MELBOURNE, Australia, January 6, 2013 – The World Health Organization (WHO), in its advice for the governments around the world, relies on the evaluation of the scientific evidence performed by the International Commission on Non-Ionizing Radiation Protection (ICNIRP).
In the case of cancer, it also depends on the reviews prepared by the International Agency for Research on Cancer (IARC).
The last, full review of the scientific evidence performed by ICNIRP concerning radiation from cell phones and other devices was in 1998, and the first review of the evidence concerning cancer performed by IARC was in 2011. ICNIRP’s still standing conclusion is that the current safety standards protect all users of cell phones and other wireless devices, and that there is no health risk within the current safety standards.
However, the IARC evaluation led to the classification of cell phone radiation as a possible carcinogen category 2B). The classification was based mainly on the evidence from epidemiological studies and, in part, on the evidence from animal co-exposure studies where animals were exposed simultaneously to cell phone radiation and to another known carcinogen.
Evaluation of the scientific evidence by ICNIRP is constantly challenged by some scientists and by parts of the general public. The ICNIRP is a group of recognized scientists who use their expertise to evaluate scientific evidence. The ICNIRP came to world-wide prominence when it’s then Chairman, Michael Repacholi, was appointed the Head of the WHO EMF-Project. Since then, the WHO has relied on the reviews of the science performed by and safety standards recommended by ICNIRP for all its recommendations concerning cell phone safety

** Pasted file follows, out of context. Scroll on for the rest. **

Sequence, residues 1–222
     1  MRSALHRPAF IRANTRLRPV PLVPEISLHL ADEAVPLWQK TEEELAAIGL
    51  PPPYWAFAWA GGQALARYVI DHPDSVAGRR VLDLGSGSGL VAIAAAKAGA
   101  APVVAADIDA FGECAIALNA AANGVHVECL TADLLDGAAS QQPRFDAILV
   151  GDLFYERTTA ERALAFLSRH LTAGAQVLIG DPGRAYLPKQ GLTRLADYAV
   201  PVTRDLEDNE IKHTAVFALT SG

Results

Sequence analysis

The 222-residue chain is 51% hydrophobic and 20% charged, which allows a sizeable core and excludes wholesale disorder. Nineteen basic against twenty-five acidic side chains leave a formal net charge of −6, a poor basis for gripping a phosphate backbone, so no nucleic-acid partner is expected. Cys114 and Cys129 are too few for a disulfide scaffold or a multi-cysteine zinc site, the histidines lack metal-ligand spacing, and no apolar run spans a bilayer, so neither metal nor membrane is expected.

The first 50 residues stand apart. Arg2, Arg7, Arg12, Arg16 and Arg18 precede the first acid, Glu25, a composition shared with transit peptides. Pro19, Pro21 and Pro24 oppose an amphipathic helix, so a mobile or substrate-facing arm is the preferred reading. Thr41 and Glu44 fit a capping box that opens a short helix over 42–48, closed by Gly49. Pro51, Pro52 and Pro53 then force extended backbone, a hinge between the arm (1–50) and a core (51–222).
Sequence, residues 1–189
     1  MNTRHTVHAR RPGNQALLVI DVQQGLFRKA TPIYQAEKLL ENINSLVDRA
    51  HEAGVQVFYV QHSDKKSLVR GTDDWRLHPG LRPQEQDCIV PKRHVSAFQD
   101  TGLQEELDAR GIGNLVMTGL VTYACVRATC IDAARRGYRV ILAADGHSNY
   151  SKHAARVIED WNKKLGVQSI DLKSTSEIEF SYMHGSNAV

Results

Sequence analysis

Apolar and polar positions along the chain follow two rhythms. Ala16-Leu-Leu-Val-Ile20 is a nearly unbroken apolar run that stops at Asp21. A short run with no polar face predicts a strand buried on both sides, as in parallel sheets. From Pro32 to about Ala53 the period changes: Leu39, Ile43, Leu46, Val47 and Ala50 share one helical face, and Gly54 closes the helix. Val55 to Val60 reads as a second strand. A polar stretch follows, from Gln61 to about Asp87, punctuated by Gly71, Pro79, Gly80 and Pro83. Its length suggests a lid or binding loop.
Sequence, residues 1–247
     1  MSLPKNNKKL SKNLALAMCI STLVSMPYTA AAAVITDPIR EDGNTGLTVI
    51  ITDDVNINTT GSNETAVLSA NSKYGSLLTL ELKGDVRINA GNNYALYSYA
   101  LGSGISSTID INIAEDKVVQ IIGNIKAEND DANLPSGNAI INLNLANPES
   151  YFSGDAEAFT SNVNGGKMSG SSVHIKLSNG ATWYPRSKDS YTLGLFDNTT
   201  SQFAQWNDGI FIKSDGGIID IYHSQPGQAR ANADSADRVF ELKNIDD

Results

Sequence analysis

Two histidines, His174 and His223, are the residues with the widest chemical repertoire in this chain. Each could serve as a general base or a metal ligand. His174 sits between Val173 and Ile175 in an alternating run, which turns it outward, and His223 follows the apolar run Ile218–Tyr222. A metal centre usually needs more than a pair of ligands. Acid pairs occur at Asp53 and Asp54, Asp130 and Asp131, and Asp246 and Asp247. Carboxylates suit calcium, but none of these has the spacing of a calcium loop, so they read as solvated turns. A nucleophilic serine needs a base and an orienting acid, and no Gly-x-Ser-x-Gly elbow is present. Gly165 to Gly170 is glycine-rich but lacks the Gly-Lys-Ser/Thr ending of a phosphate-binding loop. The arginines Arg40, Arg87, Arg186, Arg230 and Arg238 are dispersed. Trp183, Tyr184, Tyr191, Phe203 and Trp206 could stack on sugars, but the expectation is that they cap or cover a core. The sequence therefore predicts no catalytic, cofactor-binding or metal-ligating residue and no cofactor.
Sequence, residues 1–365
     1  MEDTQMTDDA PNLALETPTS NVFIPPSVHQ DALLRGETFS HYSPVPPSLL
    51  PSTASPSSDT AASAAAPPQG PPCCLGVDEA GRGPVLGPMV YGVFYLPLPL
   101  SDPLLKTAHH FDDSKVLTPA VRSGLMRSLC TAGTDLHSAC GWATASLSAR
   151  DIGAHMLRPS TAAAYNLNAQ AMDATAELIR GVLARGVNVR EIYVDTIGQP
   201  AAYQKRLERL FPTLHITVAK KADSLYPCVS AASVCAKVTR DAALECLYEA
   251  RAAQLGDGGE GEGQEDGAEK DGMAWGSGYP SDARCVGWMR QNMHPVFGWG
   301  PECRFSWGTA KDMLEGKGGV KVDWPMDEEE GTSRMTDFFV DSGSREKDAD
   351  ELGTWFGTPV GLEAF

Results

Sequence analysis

An often quoted ICNIRP’s “confidence problem” is caused by the procedure where ICNIRP members elect new ICNIRP members themselves. This gives an impression of a very exclusive “private club” that scientists can join only when invited by those who are already members. Additionally, the new members of ICNIRP are selected from among scientists who have very similar views on the issue of cell phone radiation safety as the current ICNIRP members.
This “confidence problem” leads to concerns about the reliability of the scientific evaluations performed by the ICNIRP.
That is why another group of scientists, the BioInitiative, was organized by Cindy Sage to counteract the monopoly of the ICNIRP and to provide, in their opinion, more reliable reviews of scientific evidence. But this group also has “confidence problem” propagated by the pro-ICNIRP scientists and the industry with vested interests in preserving the status quo. Like ICNIRP, the BioInitiative is also a group of scientists who themselves select group members, leading to charges that it is also a “private club”.
Also, similarly to ICNIRP, the members of the BioInitiative have very similar opinions about cell phone radiation and health issue.
In both cases, of ICNIRP and of BioInitiative, the similarity of scientific opinions within the group helps to reach consensus and avoid unnecessary arguments. But this does not necessarily serve the science in the most reliable and unbiased way. When the members of each group have similar opinions they easily agree on the conclusions but there might be nobody to scientifically challenge these conclusions.